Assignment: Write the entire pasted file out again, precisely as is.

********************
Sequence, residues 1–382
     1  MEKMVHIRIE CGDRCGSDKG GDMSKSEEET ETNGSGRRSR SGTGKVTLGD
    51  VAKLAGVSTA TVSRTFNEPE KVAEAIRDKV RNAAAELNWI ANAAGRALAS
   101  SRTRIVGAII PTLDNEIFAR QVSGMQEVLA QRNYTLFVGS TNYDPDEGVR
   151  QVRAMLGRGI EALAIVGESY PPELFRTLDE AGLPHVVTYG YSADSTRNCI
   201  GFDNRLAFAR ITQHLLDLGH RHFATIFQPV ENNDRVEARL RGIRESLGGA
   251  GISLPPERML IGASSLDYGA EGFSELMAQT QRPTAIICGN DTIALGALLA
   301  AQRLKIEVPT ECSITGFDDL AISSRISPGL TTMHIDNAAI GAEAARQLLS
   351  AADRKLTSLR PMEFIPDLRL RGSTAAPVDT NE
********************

Sequence, residues 1–382
     1  MEKMVHIRIE CGDRCGSDKG GDMSKSEEET ETNGSGRRSR SGTGKVTLGD
    51  VAKLAGVSTA TVSRTFNEPE KVAEAIRDKV RNAAAELNWI ANAAGRALAS
   101  SRTRIVGAII PTLDNEIFAR QVSGMQEVLA QRNYTLFVGS TNYDPDEGVR
   151  QVRAMLGRGI EALAIVGESY PPELFRTLDE AGLPHVVTYG YSADSTRNCI
   201  GFDNRLAFAR ITQHLLDLGH RHFATIFQPV ENNDRVEARL RGIRESLGGA
   251  GISLPPERML IGASSLDYGA EGFSELMAQT QRPTAIICGN DTIALGALLA
   301  AQRLKIEVPT ECSITGFDDL AISSRISPGL TTMHIDNAAI GAEAARQLLS
   351  AADRKLTSLR PMEFIPDLRL RGSTAAPVDT NE